MOVIE LAND — Let’s face it fellow movie-lovers, there’s simply too much quality filmmaking going on to consume in a single lifetime.
Without calling on the “back in my day” lament, we’ll just say there was a time when films were bound by practical effects, most theaters only played Hollywood’s top 10 list and the home market was dictated by a Blockbuster membership card. But these days, quality visual storytelling is everywhere — ranging from enthusiastic Youtubers to Oscar worthy, multi-million dollar productions.
That’s why for, in addition to the Clyde Brothers and Curtis Linnell’s brilliant film reviews, and of course the always entertaining KSL Popcorn Report podcast, I’ve started looking at some of those smaller projects, the people behind them and the many unique ways to experience film here in the state of Utah for the KSL Indie Report.
To get things started, this week we’ll be looking at the Roger Ross Williams documentary “Life, Animated.” The Oscar-nominated film has been featured by both the Utah Film Center and Salt Lake Film Society, and is now streaming free for Amazon Prime Members.
Like always, let’s talk about the highlights:
The premise
“Life, Animated” explores the life of Owen Suskind, a young man who, up until the age of 3, seemed just like every other Disney-loving toddler. But as Owen’s ability to communicate begins to rapidly deteriorate, his parents find themselves looking for answers in a world just becoming acquainted with autism spectrum disorder (ASD). As doctors inform and remind the Suskind family they may never connect with their son on any meaningful level, Owen’s dad discovers a key to reaching his son again through Disney animation.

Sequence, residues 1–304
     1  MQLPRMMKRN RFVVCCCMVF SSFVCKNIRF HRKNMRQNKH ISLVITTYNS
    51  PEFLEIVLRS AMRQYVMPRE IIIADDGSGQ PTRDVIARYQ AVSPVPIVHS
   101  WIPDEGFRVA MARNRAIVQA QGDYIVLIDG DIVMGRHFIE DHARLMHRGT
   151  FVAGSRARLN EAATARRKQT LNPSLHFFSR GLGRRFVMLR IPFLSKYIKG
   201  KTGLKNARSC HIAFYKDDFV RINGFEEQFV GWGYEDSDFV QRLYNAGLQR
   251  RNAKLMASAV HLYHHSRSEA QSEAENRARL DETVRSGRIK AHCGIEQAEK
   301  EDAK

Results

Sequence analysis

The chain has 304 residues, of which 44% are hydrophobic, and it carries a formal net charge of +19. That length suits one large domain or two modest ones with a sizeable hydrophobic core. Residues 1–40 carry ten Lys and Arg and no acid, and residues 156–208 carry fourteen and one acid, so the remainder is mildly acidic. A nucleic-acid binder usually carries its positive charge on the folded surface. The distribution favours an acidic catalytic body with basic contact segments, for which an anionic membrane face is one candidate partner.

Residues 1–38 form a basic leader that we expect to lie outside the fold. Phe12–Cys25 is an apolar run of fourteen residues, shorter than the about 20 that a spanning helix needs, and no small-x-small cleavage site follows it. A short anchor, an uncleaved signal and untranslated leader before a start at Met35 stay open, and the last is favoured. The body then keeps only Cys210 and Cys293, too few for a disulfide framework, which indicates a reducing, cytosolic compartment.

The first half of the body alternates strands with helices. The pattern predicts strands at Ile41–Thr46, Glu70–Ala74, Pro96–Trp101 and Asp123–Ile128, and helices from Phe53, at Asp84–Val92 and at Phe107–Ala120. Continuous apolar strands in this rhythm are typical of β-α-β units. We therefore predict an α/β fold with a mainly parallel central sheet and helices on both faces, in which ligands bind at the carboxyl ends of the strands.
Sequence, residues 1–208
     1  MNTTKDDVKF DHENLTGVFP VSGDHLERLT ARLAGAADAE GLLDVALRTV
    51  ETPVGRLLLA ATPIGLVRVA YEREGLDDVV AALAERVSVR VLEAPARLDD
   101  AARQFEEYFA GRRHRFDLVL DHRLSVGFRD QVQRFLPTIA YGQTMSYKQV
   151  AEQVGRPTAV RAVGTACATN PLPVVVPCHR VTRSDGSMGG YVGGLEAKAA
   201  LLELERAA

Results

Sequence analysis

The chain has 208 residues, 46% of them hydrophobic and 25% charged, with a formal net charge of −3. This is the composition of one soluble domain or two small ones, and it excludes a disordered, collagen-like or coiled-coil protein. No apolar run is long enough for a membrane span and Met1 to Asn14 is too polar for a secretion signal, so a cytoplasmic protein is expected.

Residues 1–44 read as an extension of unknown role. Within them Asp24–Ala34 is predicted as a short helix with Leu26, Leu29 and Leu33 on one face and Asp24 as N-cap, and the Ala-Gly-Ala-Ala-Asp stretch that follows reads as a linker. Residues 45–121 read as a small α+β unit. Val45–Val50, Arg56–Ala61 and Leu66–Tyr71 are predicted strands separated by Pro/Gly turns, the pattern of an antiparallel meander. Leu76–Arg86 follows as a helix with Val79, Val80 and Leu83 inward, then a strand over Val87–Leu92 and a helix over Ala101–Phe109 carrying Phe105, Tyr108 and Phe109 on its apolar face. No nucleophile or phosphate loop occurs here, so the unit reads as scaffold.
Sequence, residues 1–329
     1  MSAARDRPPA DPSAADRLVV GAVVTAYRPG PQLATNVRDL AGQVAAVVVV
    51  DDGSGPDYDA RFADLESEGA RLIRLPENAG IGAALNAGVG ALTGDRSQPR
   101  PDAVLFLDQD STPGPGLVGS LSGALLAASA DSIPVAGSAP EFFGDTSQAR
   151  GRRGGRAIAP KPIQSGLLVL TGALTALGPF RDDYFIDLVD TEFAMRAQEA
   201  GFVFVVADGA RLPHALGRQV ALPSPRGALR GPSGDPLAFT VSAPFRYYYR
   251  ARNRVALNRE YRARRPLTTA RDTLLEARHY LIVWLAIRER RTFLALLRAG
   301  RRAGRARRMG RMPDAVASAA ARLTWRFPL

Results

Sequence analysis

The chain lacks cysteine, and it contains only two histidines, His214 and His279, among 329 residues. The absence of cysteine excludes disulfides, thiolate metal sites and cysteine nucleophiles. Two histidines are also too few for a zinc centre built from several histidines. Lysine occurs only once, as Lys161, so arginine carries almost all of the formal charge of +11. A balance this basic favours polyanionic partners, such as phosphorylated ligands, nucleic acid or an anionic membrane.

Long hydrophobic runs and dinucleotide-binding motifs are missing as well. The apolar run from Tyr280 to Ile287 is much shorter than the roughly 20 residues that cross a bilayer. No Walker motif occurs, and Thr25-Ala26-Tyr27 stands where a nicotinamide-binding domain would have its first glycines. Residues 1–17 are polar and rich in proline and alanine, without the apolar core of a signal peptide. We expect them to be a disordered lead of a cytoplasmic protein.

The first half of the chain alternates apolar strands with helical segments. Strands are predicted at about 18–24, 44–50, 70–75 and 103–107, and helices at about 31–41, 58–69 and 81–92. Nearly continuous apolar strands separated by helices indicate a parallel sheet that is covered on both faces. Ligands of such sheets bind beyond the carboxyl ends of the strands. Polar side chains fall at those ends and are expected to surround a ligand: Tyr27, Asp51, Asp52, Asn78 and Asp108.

Why you’ll love it
“Life, Animated” embraces its simple nature by celebrating Owen.
Yes, this is a movie that deals with the effects of ASD, and yes, there are real issues the Suskind family is forced to sort through, but these details are only explored as far as Owen is concerned.
Instead, “Life, Animated” examines the meaning of life through Owen’s eyes, which can only be done with a generous helping of Disney animation. The exaggerated facial expressions and catchy musical numbers of “Aladdin” and “Peter Pan” not only work to help Owen understand his surroundings, but they also provide audience members with a glimpse into a day in the life of Owen Suskind.
In the end, beautifully rendered cut scenes and a ridiculously likable sidekick go a long way in creating a movie that will make you think, smile and want to be a better person by the time the credits roll.
Will it win?
With the 2017 Oscars just a couple weeks away, the obvious question is, can “Life, Animated” win the gold trophy?
With “Life, Animated,” Williams’ commitment to simplicity makes it difficult to draw on emotional moments later in the film. It is true, when Gilbert Gottfried shows up you’ll probably find yourself wearing the same grin Owen dons, but when it comes to moving speeches or inevitable heartbreak, Williams decision to only touch on family grief or the enormous burden Owen’s brother feels ultimately tempers emotions throughout.
I suspect Williams knew emotional impact would be a casualty of the way he designed this narrative, and for the sake of his intended audience and commitment to Owen’s perspective, it was a price he was willing to pay. But that also makes the chore of standing out against fellow nominees, “I Am Not Your Negro” and “Fire at Sea,” a difficult one.
This is important to point out mostly because, while I definitely believe “Life, Animated” deserves its nomination and has a chance to win, if you’re looking for that traditionally heavy, award-bait kind of documentary, you should know this isn’t it. In fact, “Life, Animated” is, appropriately, kind of the Disney version of that movie.
If you’re getting ready for the 2017 Academy Awards by viewing all the nominees before Feb. 26, “Life, Animated” will be a bright spot in your movie marathoning ways. As a casual film, there are still plenty of reasons to add this to your must-see list, the biggest of course being the likable Owen Suskind. And for anyone interested in a family’s perspective on ASD, this is a film you should actively seek out.
If in general, however, you’re just not the kind of person who enjoys documentaries, “Life, Animated” probably isn’t a movie that’s going to change your mind.